New Delhi: Post-pandemic economy has changed the world in more ways than one. Perhaps more set of 'new things' are on the cards. A recent survey by Microsoft claims more than 40 per cent of the global workforce are considering leaving their jobs in 2021. About 95 per cent of Americans are exploring the switch to new jobs or trying something new.
Experts say multiple factors have driven the upheaval. Now this phenomenon is being called 'a pandemic epiphany'.
By mid-2020, and even when the second wave hit several countries in a different period, it had seemed like an "achievement" just not to get ill. However, at the latter stages, things are evolving, throwing up entirely new dimensions.
It's called 'career downsizing'. "Many people are choosing to move away from ambition, to emphasise other aspects of life", says a report in abc.net.
Dr Anthony Klotz, an associate professor of management at Texas A&M University, has coined the phrase 'great resignation'. This phenomenon sums up the new priorities of thousands of professionals- both men and women, and globally they want to focus on time for children and health safety.
Some have quit careers in financial technology to join or launch a new one in something like 'content marketing'. In most of these cases, the move is voluntary, and those doing so are happy about it.
Of course, interaction with some individuals in India revealed that the working atmosphere has been particularly bad in sectors like media. "Either it is badly polarised media organisations. Individual professional journalists are finding things suffocating. As it is nepotism and jugadu-culture had hit some of the professionals," said one Mumbai-based journalist, who has moved to something he thinks he would enjoy 'teaching to school children below standard sixth".
In the US, an estimated 4.3 million people quit their job in one month of August alone. There are other impacts too. In Germany, it has been reported that one-third of the industries are short of skilled workers. Such trends are being reported in economies like Vietnam as well. In India, the attrition rate in the tech sector is up by 23 per cent.
"There is evidence that people have been thinking during the pandemic in terms of how their life is going and have had some epiphanies and decided they want to make some changes to their life. And this could involve deciding to leave the workforce and stay home with family, to start a business, to pursue a hobby, perhaps retire early." says Klotz, according to a BBC report.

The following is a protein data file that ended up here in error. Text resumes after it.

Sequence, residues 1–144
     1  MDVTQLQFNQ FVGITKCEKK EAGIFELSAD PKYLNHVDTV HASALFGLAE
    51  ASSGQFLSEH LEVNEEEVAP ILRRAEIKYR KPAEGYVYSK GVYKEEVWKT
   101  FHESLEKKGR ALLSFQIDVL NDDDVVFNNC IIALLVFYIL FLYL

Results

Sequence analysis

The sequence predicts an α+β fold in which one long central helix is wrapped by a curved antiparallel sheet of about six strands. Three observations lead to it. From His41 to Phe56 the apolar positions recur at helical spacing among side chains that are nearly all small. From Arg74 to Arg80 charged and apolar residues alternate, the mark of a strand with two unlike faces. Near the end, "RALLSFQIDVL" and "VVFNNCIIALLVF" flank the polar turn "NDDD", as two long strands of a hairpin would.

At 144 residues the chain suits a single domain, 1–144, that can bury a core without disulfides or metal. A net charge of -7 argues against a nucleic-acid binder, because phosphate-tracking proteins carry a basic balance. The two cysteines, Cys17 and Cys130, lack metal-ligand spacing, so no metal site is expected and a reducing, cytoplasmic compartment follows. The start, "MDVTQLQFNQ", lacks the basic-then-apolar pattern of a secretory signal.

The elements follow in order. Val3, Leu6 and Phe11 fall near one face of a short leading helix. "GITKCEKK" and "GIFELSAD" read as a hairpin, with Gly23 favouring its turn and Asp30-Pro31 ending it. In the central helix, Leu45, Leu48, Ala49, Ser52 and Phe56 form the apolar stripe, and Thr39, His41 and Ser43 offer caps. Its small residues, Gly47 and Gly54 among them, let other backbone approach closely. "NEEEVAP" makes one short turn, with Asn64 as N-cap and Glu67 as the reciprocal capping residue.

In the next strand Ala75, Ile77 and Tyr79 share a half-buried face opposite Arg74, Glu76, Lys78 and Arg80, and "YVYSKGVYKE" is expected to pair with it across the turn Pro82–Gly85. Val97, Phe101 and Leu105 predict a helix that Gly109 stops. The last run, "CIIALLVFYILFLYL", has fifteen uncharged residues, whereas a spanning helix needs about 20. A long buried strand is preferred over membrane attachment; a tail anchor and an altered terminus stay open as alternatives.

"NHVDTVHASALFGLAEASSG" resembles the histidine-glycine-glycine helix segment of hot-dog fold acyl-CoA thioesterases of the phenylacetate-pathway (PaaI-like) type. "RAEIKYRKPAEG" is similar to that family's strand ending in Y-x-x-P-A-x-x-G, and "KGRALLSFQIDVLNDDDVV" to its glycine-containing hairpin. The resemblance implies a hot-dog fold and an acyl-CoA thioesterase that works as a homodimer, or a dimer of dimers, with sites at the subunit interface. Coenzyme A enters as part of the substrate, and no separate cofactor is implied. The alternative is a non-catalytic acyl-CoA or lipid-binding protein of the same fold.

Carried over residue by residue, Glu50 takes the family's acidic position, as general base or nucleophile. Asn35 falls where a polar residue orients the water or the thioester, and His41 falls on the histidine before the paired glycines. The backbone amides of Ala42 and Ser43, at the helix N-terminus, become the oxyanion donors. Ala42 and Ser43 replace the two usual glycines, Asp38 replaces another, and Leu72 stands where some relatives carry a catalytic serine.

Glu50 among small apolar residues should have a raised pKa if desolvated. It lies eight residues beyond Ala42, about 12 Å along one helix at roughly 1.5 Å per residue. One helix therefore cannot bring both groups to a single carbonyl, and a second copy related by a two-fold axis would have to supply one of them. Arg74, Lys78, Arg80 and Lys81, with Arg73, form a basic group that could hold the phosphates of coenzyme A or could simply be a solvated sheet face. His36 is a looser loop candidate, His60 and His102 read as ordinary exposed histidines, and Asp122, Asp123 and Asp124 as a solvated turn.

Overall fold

Even China has a shortage of workers in the tech sector. In some countries, of course, there is a so-called 'unemployment benefit'. But it is also a fact that not everyone is leaving due to such benefits.
Some say the COVID-19 has forced people to do some out of box thinking and even soul searching.
An educationist in Guwahati, Nripendra Shyam says, "The Wuhan virus has made people realise the unpredictability of life. Hence this career re-balancing". He says many youngsters he knows have quit places like Pune and Bengaluru and returned 'home' in little known places like Margarita in Assam or rural Tripura.
In some cases globally, the 'great resignation' from existing jobs has led to a start-up boom. People are turning their hobbies like Yoga teaching, cooking, and even talent in music and singing as 'part time'jobs.
India has added 1800 start-ups in the tech sector alone, reports say. In some countries, the workforce has also decided to opt for resignation due to 'exploitation' of skilled workers.
However, from places like Dubai and other middle east hubs, no data has been made possible. But people have returned home certainly.
In states such as Himachal Pradesh and Uttarakhand, some Dubai-based NRIs could soon invest heavily in the tourism sector, like setting up resorts.
In some states, first-hand experience shows that bureaucratic wrangling keeps people from making investments in setting up health centres and hospitals. Such instances have been reported about states like West Bengal, Tamil Nadu and Jharkhand.
Overall, it's a mixed world, and the pandemic has left mixed ramifications.
Can we attribute everything to the unseen virus?
A more realistic test suggests that the clamour for a 'change' existed even before the pandemic broke out because you hated office politics, disliked the boss, and disapproved of his nepotism and sense of justice in ignoring hard workers.
The Workers are deciding differently, finally, and in some cases, the employers realise things have already slipped out of their hands.